ISO 27002 is part of the ISO/IEC 27000 family of standards, published jointly by the International Organization for Standardization (ISO) and the International Electrotechnical Commission (IEC) and is the renamed, updated ISO 17799 standard. The full name of this international standard is, "Information technology - Security techniques - Code of Practice for Information Security Management."

The ISO 27000 standard is intentionally broad in scope, covering privacy, confidentiality and technical security issues and "established guidelines and general principles for initiating, implementing, maintaining, and improving information security management within an organization." To that end, the standard outlines hundreds of potential controls and control mechanisms. ISO 27000 was developed in the context of the following core principles:

“the preservation of confidentiality (ensuring that information is accessible only to those authorized to have access), integrity (safeguarding the accuracy and completeness of information and processing methods) and availability (ensuring that authorized users have access to information and associated assets when required).”

The topical domains addressed by ISO 27002 and the Microsoft Online Services Information Security Policy include:

  • Risk assessment
  • Security policy - management direction
  • Organization of information security - governance of information security
  • Asset management - inventory and classification of information assets
  • Human resources security - security aspects for employees joining, moving and leaving an organization
  • Physical and environmental security - protection of the computer facilities
  • Communications and operations management - management of technical security controls in systems and networks
  • Access control - restriction of access rights to networks, systems, applications, functions and data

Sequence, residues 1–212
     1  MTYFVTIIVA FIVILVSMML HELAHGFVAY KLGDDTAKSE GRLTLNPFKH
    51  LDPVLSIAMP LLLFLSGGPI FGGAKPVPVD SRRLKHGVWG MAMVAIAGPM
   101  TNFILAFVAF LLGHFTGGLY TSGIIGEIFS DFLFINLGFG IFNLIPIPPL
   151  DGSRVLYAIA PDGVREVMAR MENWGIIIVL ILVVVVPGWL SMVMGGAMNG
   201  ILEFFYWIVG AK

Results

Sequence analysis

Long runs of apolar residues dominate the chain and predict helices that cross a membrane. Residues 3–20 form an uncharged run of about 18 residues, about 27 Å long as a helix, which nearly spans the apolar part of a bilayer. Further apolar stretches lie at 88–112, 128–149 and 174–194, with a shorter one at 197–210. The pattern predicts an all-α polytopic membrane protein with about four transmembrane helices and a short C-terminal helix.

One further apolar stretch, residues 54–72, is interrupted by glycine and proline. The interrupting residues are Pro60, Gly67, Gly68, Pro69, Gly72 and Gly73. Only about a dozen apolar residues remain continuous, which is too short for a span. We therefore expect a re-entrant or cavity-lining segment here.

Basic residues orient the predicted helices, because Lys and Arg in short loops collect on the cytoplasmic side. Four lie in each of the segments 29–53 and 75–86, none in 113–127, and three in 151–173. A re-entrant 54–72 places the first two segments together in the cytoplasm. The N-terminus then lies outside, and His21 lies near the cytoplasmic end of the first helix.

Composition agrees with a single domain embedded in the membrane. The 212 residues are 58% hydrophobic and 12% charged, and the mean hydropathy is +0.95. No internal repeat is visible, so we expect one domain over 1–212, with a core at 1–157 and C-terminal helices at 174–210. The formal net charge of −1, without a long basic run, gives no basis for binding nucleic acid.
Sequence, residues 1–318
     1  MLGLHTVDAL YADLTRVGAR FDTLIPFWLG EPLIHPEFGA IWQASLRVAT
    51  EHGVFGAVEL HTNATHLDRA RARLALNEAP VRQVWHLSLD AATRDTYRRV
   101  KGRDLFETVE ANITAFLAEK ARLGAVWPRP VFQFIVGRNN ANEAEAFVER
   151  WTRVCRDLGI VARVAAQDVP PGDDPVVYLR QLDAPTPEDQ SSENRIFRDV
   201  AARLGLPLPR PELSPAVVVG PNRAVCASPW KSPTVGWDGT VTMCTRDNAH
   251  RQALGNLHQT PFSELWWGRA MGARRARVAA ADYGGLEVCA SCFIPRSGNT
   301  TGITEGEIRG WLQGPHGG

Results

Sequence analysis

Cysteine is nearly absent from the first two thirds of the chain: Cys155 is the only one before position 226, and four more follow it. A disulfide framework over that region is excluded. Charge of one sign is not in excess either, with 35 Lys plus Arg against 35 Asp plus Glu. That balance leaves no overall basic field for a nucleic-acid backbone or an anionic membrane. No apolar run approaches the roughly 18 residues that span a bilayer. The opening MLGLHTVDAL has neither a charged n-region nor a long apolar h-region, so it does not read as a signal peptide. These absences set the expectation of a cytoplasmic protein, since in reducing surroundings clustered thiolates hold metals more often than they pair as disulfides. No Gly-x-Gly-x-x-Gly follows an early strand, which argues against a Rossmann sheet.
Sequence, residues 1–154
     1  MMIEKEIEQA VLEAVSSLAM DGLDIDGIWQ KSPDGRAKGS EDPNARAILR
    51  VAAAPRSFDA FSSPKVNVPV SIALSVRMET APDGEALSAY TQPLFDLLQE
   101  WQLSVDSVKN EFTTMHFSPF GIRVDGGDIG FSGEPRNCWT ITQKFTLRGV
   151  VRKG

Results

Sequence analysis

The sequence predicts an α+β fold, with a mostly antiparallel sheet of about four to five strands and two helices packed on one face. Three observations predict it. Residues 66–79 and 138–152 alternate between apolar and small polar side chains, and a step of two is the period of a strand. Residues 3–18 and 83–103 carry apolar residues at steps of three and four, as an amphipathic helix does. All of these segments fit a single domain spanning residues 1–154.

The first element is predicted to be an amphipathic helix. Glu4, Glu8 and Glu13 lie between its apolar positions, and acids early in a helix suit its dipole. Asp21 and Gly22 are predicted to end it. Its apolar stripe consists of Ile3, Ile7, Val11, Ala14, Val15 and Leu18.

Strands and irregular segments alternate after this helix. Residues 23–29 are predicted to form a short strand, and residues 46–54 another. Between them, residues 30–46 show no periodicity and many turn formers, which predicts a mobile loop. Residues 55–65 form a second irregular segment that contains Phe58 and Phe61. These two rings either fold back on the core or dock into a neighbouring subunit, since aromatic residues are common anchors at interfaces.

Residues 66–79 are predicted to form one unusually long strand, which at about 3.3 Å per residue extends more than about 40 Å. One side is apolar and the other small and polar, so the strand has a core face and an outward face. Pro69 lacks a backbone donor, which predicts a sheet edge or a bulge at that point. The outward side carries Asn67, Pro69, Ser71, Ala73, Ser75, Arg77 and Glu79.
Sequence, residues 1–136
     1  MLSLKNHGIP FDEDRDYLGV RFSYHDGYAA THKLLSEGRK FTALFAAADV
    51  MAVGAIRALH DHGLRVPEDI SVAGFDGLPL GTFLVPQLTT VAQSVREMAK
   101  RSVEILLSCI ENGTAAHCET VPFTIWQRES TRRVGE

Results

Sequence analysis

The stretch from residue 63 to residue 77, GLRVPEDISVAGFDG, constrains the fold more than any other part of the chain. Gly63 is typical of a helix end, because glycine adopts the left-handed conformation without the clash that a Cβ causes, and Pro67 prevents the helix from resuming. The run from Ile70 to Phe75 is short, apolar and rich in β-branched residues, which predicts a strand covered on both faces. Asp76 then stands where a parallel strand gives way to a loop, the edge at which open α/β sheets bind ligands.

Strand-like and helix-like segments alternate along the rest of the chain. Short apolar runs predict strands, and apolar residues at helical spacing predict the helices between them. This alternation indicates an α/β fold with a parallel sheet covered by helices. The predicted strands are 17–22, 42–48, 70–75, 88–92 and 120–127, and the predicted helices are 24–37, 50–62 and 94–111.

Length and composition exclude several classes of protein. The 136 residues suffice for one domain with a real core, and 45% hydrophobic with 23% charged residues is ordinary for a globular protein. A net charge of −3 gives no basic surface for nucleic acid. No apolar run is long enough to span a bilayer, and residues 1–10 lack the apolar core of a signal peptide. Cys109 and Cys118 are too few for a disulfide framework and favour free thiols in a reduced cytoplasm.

• Information systems acquisition, development and maintenance - building security into applications
  • Information security incident management - anticipating and responding appropriately to information security breaches
  • Business continuity management - protecting, maintaining and recovering business-critical processes and systems
  • Compliance - ensuring conformance with information security policies, standards, laws and regulations

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Cloud Computing Events

Michael Krigsman posted Defrag: Cloud economics, cultural change, and other exciting stories to the Enterprise Irregulars blog on 11/16/2010:Go to full article

Defrag, which runs this week near Denver, is one of the more interesting conferences on the enterprise circuit. Going far beyond bit and bytes, Defrag explores the intersection of technology on business, society, and the enterprise as a whole.

As part of the Enterprise Irregulars track at this year’s Defrag, I am honored to moderate a panel discussion on the impact of cloud computing. The panel will explore what the cloud means to various groups: ordinary end-users, the IT department, software vendors (including traditional on-premise vendors), and even large professional services organizations.

Aside from me, the panel includes the following participants:

  • Steve Mann, a strategy consultant and formerly an executive with SAP
  • John Taschek, an executive with who reports directly to CEO Marc Benioff
  • Sadagopan Singam, an executive with Mahindra Satyam, one of the largest Indian IT outsource firms
  • Mitch Lieberman, an analyst / consultant and previously Vice President of Marketing at open source cloud vendor SugarCRM

The panel begins with a simple premise: to typical users, cloud is a meaningless term related to data centers. However, despite this apparent invisibility to ordinary folks, the cloud is driving profound changes in computing, the enterprise, and even the social landscape.


A recently released white paper, The Economics of the Cloud (PDF), from Microsoft’s strategy team describes the economic basis for these changes. The cloud offers economies of scale that make possible cultural impacts, such as those associated with Facebook and Twitter. And, when subscription software pricing is combined with the cloud, there is disruption to business models associated with IT vendors, services providers, and even the IT ecosystem as a whole.